Analysis Elements to Introduce Gamification to an Organization

The other day I was asked this question about gamification analysis.

I’m an ISD working primarily with military clients and I would like to know how you perform your analysis on a company that would like gamification. What process do you use to perform your analysis?

This is a good question as people often wonder what is the best way to determine if the use of gamification is appropriate for a particular type of content or a particular audience of learners.

So here are some general guidelines I use when conducting a needs analysis related to gamification.

First, you need to identify the type of gamification. I often encounter several different flavors of gamification so you need to define your terms. Sometimes when someone says “gamification” they mean creating some type of experience involving assigning points for activities partaken over a time period with a leaderboard keeping track of who is accumulating the most points and then providing some type of reward. I call that Structural Gamification–a structure is placed around instructional content that is game like but the course content is not changed to be game like.

Sometimes people are actually referring to “game-based learning”. You need to define the term that they are discussing before you get started. This will define the experience and the design you want to execute.

Second, poll your audience. I usually conduct some type of survey to get an understanding of the types of games the learners might play, the experiences they may have had with gamification and the types of learning experiences they’ve had. Understanding how the potential learners relate to games and whether or not they do play games can provide some insight into how you will want to design your gamification learning event. Don’t rely on age. You cannot assume that every Millineal is gamer or that every boomer hates games. Know your own learners, survey your learners.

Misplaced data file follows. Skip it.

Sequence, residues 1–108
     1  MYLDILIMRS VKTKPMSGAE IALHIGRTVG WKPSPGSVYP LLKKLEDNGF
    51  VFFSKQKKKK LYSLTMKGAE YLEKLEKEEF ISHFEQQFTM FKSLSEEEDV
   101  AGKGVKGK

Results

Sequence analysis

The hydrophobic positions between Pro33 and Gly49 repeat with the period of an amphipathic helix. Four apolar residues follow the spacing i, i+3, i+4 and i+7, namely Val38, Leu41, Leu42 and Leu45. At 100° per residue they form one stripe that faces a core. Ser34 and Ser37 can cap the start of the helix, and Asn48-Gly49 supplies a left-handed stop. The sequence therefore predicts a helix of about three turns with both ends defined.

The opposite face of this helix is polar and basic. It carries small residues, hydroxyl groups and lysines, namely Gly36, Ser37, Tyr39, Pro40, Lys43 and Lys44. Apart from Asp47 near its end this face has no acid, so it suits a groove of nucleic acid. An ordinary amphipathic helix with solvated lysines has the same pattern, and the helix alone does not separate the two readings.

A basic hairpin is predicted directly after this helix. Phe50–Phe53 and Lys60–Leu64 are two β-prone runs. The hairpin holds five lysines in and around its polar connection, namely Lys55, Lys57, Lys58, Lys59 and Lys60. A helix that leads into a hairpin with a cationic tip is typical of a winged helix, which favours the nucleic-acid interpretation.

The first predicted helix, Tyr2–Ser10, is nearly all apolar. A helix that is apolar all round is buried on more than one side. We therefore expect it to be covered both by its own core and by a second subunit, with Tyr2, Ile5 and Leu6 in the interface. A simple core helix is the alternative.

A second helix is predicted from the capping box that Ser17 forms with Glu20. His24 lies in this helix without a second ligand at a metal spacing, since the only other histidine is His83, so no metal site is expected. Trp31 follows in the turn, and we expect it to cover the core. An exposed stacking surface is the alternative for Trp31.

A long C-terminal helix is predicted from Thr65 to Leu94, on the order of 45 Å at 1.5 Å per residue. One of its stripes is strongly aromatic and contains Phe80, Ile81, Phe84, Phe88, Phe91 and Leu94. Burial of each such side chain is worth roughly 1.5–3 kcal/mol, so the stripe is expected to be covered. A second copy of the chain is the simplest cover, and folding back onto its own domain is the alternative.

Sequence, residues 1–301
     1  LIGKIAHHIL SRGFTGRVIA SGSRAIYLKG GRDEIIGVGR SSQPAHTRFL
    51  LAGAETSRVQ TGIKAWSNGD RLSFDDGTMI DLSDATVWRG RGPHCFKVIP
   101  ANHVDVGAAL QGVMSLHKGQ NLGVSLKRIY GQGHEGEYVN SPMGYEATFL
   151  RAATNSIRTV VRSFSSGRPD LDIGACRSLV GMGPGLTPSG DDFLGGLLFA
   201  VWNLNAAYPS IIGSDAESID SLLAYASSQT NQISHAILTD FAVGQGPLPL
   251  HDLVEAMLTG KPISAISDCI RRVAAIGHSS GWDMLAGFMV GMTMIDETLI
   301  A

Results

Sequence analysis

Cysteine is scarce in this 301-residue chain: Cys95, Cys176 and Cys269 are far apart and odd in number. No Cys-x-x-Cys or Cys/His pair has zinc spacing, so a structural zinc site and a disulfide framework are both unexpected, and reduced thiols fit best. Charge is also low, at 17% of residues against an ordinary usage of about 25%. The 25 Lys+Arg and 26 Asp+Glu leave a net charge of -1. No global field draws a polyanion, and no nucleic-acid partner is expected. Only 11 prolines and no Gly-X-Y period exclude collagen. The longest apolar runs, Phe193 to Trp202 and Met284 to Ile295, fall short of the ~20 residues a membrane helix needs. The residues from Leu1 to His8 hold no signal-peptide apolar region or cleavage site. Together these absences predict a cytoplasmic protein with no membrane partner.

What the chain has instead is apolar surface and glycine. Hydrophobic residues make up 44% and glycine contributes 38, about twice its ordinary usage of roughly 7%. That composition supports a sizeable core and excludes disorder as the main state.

Third, you need to look at the technology being considered for deployment. Can mobile devices be used for the gamification experience? Are tablets available or is the only option a desktop solution. The type of device on which the gamification experience will occur is important.

Fourth, determine when the people are to be participating in the gamification solution. Is this supposed to happen at work when the learner first arrives? Does this happen in the field? Does it happen at the person’s desk? Does it happen on their phone after the work day? Knowing where the experience will occur provides good insights into the design and execution of your gamification solution.

Fifth, make sure the content matches the gamification solution. It is difficult to teach problem solving using multiple choice questions while it makes perfect sense to help people remember product features and safety rules with multiple choice, quiz type applications. So know what content you are going to be teaching and the right gamification strategy to present to the learners.

Finally, conduct a focus group and test out some of your ideas, the focus group can help you decide what is best and what is not for the gamification intervention.

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Karl Kapp
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